The Niles: So the ink has dried on the cessation of hostilities agreement -- but do you really believe that this will hold?
Makuei: We in the government believe in our regular forces -- the SPLA (Sudan People’s Liberation Army). We are afraid of the other party because those fighting with it, are the so-called ‘White Army’, which is comprised of untrained citizens who do not follow orders. I expect they will breach the agreement because their command is unable to control them.
The Niles: You too are accused of using a five thousand-militia of the Dinka tribe, which fought in Juba. Government militias can commit violations too.
Makuei: We are a government -- we cannot form a militia. As for the forces that were in Juba, they are the product of training centres opened for Southerners during the Heglig crisis when we established training centres all over the south.
The Niles: Why did Salva Kiir dismiss Machar from his post as Vice President?
Makuei: Machar was too ambitious and hurried. He started criticising the government’s policies and the president in public though he was Vice President. They could have discussed their issues inside the party or the government, but Machar preferred public meetings. And Salva Kiir talked to him about this and asked him to keep dialogue within institutions, but Machar insisted and Salva Kiir dismissed him.
The Niles: What caused the deep rift between the two leaders after independence?
Makuei: During the five transitional years, Machar was the real ruler of the south because Salva Kiir used to spend most of his time in the North since he was the first Vice President. Salva Kiir therefore vested him with wide authorities and Machar could do anything without consulting Salva Kiir. When he went back to Juba Salva Kiir took back some of the powers he had conferred on Machar.
The Niles: Critics call the SPLM undemocratic, saying it has imported the worst forms of suppression from Sudan. How do you view this?
Makuei: The SPLM is democratic. Some say we have 120,000 political prisoners even though we do not have any political detention centre.
The Niles: But Pagan Amum and others are still detained.
Makuei: Those are criminals rather than political prisoners. They staged a military coup.
The Niles: But there are many doubts that it was actually a coup.
Makuei: The coup is a fact and Machar, Taban and Frit fled because it was thwarted. We managed to arrest the others.
The Niles: But, during a coup, wouldn’t Machar and his group head for the General Command and the government’s radio station?
Makuei: On December 16, Machar announced he would seize control of Juba. What is control? Is it not to seize power?
The Niles: Many observers, including the international community, are not convinced that what happened was a coup. They say you only wanted to get rid of your opponents.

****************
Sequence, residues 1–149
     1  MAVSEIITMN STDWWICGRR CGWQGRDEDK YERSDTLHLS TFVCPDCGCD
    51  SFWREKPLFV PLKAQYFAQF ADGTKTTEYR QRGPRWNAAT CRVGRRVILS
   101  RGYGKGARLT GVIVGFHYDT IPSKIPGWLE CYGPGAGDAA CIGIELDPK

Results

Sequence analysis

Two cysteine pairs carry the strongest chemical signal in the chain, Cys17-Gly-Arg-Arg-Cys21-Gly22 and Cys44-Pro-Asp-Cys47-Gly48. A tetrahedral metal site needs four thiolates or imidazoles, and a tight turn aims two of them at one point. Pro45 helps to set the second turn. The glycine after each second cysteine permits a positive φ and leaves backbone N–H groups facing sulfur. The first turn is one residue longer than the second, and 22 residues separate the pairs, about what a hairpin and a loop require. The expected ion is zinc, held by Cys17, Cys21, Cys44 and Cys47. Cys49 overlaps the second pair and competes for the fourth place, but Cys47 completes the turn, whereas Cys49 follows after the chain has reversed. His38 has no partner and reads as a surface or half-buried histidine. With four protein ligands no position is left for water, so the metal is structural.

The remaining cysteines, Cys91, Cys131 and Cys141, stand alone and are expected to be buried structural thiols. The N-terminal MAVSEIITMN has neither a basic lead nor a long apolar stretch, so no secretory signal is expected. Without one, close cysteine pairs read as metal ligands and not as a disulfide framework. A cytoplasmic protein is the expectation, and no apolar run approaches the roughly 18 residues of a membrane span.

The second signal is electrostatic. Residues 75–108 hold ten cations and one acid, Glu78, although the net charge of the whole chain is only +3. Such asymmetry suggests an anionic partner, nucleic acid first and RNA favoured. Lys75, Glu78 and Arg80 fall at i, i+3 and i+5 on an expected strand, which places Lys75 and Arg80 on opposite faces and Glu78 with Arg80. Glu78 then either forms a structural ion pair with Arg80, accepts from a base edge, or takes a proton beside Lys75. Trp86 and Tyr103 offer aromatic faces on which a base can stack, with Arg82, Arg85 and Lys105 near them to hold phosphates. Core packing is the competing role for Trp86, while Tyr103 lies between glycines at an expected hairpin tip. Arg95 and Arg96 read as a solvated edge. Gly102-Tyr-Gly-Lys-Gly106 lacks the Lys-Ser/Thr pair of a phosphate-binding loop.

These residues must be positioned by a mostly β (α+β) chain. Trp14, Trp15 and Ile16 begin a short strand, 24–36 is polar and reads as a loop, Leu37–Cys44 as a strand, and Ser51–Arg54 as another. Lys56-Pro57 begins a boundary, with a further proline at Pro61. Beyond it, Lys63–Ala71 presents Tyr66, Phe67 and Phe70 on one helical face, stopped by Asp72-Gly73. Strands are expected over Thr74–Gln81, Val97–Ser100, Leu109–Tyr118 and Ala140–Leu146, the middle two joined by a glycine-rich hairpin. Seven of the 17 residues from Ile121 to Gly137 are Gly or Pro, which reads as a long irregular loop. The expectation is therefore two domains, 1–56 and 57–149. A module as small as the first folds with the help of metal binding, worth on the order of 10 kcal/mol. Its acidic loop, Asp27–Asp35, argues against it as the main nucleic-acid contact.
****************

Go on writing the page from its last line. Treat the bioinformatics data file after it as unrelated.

Makuei: The international community dealt with us in this way for hidden intentions.
The Niles: Did the international community reject Salva Kiir as a president?
Makuei: Yes. But they discovered that the people of the South wanted Salve Kiir. The international community does not appoint a presidents, does it? We know Machar more than the international community knows him. Machar is deceiving the international community and we know how he created relationships with it.
The Niles: The world now sees the war as a tribal conflict.
Makuei: That is true. A tribal conflict, however, has been Machar’s policy since 1991 when he used the same White Army in the name of Mundi and of the Nuer dominance. He killed people and caused the 1991 disaster, using tribalism to mobilise the Nuer and gain their support.
The Niles: What is the problem between Pagan Amum and Salva Kiir?
Makuei: The problem is that Amum wants to run for the president, so does Machar and Rebecca.
The Niles: Is that not their right?
Makuei: The SPLM Constitution states that only the SPLM chairman may run for the president. Hence, they should have waited until the General Conference is held in order to form a lobby to choose another chairman who then could run for the president of South Sudan.
The Niles: How do you see South Sudan’s future?
Makuei: The rebels should first abandon their ambitions by thinking reasonably.
The Niles: They might say the same to you.
Makuei: If you cannot accomplish them by democracy, do not accomplish them by violence. We are not against any democratic ambitions. And as I said, they had their chance in the General Conference and if Machar had played his cards well, he could become the president. They should have waited for the right moment and listened to the people -- the real judges are the voters.
The Niles: Salva Kiir is accused of getting rid of them because they announced their wish to come to power democratically.
Makuei: No. Salva did not want to get rid of them. They were too hasty. Blocking roads is not good. Those who stormed the presidential headquarters were Machar’s guards. It was they who started the beating.
The Niles: Why have you allowed the Ugandan army to intervene?
Makuei: It is not a violation of sovereignty. We as a state have the right to sign political, military and economic agreements with any state. Even when we were fighting in Sudan, were there no foreign forces? Please, let us be realistic.
The Niles: Why has the central bank’s reserves of foreign currency in Juba been transferred to Kampala?
Makuei: Why would we transfer it? It is because we are afraid of them or of them controlling us? This is nonsense.